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Re: Cross-compiling GNUstep?

From: Richard Frith-Macdonald
Subject: Re: Cross-compiling GNUstep?
Date: Mon, 30 Dec 2013 06:34:55 +0000

On 29 Dec 2013, at 19:17, Markus Hitter <address@hidden> wrote:

> Am 29.12.2013 19:47, schrieb David Chisnall:
>> I'd be more inclined to move to CMake, which has the advantage of not being 
>> a complete usability disaster and being able to generate XCode projects.
> While I have no experience with CMake, I wouldn't mind either.

I have some little experience with CMake now ... it's a replacement for 
autoconf and automake (which are pretty horrible), unfortunately it's a cure 
which is worse than the disease.
When it works, it's fine, but just like autoconf/automake, when it doesn't work 
or when you want to do something that hasn't been catered for, it's a nightmare 
and takes hours and hours  to work out how things operate.

> I just see my shiny new Debian packages don't allow me to build -base
> without debian/rules.

I'm not sure what that means, but it  sounds like a Debain packaging issue 
orthogonal to any issues in autoconf.

> configure insists to run on a normal make and
> falls back to the non-fhs layout.

I think you are talking about the case where the software hasn't been 
configured; you type make, and the configure script is automatically run.
That's nothing directly to do with either autoconf or gnustep-make.  Rather 
it's a deliberate feature provided by the makefiles of many (most?) projects 
... if you try to build a project without having run the configure script since 
it was last modified, there's a makefile rule to run configure for the project 
(keeping any existing selected options) on your behalf (another common thing 
for makefiles to do is print an error message saying you haven't configured the 
project, and then bomb out).
When you fist build a project, you are expected to run the configure script 
before building (with cmake, you do the same thing and run cmake before 
building) specifying the options you want (like the debian/fhs layout).

> The whole testsuite ignores
> messages=yes,

The testsuite doesn't have a 'messages=yes' option... that's a gnustep-make 
option, not a test framework option.

The test framework is a few header files and shell scripts and some 
documentation/examples, packaged as an add-on to be installed with gnustep-make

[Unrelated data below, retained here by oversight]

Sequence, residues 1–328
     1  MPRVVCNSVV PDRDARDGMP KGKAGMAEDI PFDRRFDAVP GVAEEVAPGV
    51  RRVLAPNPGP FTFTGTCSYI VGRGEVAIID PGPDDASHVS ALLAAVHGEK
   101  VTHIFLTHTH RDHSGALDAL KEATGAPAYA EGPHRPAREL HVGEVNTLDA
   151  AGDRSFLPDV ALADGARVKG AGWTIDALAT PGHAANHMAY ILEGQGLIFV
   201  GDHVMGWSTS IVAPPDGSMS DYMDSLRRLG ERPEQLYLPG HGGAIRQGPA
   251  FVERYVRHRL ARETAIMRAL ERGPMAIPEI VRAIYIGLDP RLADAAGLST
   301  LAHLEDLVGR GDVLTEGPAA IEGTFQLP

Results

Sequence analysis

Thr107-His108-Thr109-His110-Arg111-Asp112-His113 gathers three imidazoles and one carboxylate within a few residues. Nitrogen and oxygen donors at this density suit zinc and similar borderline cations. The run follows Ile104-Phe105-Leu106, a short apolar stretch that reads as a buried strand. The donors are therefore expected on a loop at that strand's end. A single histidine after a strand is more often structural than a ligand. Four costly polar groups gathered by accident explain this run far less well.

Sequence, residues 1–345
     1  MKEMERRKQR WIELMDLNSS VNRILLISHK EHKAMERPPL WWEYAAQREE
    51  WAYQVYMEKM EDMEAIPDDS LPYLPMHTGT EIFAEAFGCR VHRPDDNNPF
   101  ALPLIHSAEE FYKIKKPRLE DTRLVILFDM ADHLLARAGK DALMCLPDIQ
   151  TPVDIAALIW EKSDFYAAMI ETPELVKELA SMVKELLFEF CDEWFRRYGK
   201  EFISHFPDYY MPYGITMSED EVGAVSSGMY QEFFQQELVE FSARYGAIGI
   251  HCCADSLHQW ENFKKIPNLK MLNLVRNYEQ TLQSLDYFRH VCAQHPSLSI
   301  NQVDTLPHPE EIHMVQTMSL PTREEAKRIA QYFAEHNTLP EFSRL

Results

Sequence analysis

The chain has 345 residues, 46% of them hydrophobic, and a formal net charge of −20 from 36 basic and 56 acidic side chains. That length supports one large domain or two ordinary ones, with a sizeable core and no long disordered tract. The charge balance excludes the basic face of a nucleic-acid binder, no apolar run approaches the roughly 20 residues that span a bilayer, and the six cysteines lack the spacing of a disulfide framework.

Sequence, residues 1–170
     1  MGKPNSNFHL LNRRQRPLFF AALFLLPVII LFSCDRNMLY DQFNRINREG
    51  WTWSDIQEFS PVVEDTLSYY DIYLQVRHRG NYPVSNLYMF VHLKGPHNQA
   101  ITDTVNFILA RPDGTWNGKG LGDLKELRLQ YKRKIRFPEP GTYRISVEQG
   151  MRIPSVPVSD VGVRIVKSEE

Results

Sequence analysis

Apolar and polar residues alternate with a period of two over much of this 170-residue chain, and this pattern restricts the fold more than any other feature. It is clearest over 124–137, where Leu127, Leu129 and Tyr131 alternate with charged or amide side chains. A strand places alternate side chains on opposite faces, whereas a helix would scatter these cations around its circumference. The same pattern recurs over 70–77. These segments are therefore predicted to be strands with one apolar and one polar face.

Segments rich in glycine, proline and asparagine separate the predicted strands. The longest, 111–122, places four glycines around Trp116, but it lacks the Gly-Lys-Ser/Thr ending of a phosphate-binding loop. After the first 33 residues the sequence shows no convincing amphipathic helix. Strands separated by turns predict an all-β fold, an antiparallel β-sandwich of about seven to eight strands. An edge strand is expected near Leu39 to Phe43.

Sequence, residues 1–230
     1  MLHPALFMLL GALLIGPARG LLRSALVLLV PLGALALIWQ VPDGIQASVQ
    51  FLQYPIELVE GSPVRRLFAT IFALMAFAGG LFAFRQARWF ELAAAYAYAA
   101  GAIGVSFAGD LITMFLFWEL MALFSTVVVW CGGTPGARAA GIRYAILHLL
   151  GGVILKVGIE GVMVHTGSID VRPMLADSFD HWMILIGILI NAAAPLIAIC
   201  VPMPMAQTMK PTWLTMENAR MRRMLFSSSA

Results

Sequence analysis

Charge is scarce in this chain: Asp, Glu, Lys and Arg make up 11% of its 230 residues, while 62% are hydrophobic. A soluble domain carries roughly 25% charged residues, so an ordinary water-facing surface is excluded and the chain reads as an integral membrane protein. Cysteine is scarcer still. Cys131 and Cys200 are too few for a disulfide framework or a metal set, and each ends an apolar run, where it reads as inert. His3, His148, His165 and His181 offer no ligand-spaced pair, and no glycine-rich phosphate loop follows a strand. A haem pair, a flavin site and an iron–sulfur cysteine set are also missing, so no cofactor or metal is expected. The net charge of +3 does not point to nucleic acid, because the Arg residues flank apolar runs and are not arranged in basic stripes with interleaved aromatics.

so it's available anywhere you might build software using gnustep-make.  It's 
driven by the gnustep-tests shellscript/command (so it doesn't accept any make 
arguments) not a make file.
Each testsuite is then a hierarchy of directories containing code fragments to 
be built/executed to perform tests, and a files to mark which directories 
actually contain test code.
The gnustep-tests script runs the testsuite; when building a testcase from a 
fragment of source code, the script may generate a makefile to do the building, 
and you could then manually use that makefile supplying 'messages=yes' as an 
argument, but such a makefile would be so simple that it's hard to see the 

> apparently all the checks fail silently. Building a single
> one doesn't work either, "Testing.h" not found.

That sounds lke you don't have gnustep-make and/or the testute installed?  Or 
don't have it installed in your PATH?
Given that you implied above that you didn't configure gnustep-base to use the 
debian filesystem layout, I expect things are installed in the gnustep layout, 
so I'm further guessing that you didn't set up your environment to point to the 
gnustep installation (sourcing is the standard way to do that), and 
your problem most likelyh is that the gnustep-tests script can't find things, 
though I'd be interested in how/where you run gnustep-tests in that case.

> Have yet to investigate
> what actually happens, but it's obvious GNUstep Make isn't exactly
> bullet-proof.

I'm sure it's not ... but none of this sounds like gnustep-make issues.
It does sound somewhat indirectly related to autoconf, in as much as it sounds 
like the problem is due to failure to configure, install, and set up the 
environment, but hard to say for sure.

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